Wednesday, February 2, 2011

Part II - 1821 SESQU-ISAMPLINGS 1971

"We wouldn't a lasted long without corn meal," reminisced one Hoosier pioneer. "Corn bread was our staff of life. For several years we had it in some form for breakfast, dinner and supper, never tirin' of it. Sometimes a few coals or a little ashes would get in the cookin', but that didn't matter; we thought it just helped season it some."

Corn Meal was capale of producing a variety of dishes bearing an equal variety of names. THe recipes were similar; variations depended upon where the families came from, what supplies were on hand and how the resulting batter was cooked.

There was hoecake, a Southern dish that had moved North with the settlers and was originally baked on a hoe. Johnnycakes, some said, was a corruption of "Journey Cake" because it was a convenient food to carry in a saddle bag. Others said the name came from the Indian word for a thin griddle cake, "jonakin." It usually was corn meal mixed with water, salt and butter and baked on a clapboard tilted up before a fire. Local settlers fixed something they called johnny hoecakes, basically a sweeted johnnycake plus flour.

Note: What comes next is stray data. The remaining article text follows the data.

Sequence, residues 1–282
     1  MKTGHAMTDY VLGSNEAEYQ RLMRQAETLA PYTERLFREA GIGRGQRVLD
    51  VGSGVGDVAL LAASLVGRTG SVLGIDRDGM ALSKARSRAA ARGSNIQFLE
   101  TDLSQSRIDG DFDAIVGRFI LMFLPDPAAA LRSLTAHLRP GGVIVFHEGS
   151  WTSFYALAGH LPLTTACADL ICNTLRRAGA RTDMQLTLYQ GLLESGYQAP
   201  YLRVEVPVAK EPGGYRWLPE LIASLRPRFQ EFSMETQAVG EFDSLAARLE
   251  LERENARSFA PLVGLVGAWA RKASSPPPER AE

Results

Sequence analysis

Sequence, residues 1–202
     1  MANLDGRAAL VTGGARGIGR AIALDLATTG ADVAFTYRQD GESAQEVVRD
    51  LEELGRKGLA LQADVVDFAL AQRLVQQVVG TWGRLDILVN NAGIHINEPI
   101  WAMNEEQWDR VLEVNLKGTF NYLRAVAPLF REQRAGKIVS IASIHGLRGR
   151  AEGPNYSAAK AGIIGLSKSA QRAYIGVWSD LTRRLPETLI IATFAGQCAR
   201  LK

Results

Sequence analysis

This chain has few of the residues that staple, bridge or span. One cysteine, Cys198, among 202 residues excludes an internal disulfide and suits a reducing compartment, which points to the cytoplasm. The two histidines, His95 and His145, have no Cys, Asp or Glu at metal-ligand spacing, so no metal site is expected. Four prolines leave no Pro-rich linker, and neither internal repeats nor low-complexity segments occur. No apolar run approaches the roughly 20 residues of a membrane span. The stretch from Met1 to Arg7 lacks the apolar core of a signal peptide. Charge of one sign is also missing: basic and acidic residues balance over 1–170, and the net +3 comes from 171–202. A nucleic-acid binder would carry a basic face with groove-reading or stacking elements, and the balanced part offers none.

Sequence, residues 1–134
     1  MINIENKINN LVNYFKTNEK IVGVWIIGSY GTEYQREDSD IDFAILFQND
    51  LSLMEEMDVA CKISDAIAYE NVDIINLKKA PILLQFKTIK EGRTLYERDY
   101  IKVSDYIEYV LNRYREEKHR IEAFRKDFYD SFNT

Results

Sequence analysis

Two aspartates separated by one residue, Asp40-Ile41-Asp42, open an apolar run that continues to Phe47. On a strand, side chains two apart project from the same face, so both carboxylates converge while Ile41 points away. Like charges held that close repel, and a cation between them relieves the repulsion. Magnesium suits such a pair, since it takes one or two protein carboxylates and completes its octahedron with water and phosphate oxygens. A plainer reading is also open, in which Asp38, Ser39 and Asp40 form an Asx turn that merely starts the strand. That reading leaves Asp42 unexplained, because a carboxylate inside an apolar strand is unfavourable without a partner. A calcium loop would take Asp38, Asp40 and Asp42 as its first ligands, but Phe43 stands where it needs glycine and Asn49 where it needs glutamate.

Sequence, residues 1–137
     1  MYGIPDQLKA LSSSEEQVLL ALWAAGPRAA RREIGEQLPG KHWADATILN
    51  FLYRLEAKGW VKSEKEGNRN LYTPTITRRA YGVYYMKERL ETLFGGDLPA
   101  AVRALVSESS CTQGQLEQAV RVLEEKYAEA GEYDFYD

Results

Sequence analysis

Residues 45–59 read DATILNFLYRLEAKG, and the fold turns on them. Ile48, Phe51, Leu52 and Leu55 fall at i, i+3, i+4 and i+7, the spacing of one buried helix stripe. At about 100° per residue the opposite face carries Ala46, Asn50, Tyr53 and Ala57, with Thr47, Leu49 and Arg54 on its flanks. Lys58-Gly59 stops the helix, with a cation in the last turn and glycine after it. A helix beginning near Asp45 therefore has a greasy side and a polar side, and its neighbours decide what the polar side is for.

A corn dodger was again made from much the same batter, but was generally baked in a spider (a skillet) with legs) or on a griddle.

Old-Fashioned Scrapple

1 1/2 pounds lean pork
4 cups cold water
2 cups milk
2 cups corn meal

Cover pork with water; bring to boil, then simmer until fork tender. Grind pork. Mix water, milk, corn meal and salt to taste. Bring to boil and cook until thick, stirring almost constantly. Add the pork, mix well and cook togetheer for a few minutes. Pour into a 8 x 4 x 3-inch loaf pan and refrigerate overnight. Slice and fry until crisp. Serve hot with butter and syrup. Makes at least 10 servings

NOTE; While reminiscent of the past, these recipes have been updated for today's cooks and kitchens.

1 comment:

basketsbyrose said...

My husband grew up eating Scrapple! Thanks for sharing on to make this and the history!